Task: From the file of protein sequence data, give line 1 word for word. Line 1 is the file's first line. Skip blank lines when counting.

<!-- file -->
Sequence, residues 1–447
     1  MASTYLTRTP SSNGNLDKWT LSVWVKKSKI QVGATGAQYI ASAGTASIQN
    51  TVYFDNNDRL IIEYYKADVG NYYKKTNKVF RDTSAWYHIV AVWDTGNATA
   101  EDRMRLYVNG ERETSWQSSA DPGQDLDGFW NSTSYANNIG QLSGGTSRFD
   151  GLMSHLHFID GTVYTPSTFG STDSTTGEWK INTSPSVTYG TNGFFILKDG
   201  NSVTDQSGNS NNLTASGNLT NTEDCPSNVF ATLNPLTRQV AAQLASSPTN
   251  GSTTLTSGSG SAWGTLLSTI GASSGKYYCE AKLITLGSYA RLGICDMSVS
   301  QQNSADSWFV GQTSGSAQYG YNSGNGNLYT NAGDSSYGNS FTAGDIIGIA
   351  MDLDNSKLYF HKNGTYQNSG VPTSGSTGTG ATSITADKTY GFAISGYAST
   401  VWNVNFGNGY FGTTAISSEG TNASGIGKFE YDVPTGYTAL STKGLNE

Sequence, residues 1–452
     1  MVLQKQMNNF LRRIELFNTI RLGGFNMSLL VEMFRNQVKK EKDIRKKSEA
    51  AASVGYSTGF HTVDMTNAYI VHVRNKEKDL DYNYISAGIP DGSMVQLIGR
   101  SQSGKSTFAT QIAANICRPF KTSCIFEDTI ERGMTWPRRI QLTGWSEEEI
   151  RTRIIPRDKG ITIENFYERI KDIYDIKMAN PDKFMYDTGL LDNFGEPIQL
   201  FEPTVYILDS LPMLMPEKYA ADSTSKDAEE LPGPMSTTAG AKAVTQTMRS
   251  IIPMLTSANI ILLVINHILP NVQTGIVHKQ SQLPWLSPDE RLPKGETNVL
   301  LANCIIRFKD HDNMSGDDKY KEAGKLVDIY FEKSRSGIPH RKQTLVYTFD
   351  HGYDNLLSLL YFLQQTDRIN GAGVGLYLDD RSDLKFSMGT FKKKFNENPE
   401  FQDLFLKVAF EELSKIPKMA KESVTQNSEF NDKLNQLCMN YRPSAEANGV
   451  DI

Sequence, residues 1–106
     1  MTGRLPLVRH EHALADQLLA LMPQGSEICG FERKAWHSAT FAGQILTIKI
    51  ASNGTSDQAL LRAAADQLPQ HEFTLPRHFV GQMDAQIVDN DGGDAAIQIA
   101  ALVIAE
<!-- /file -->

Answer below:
Sequence, residues 1–447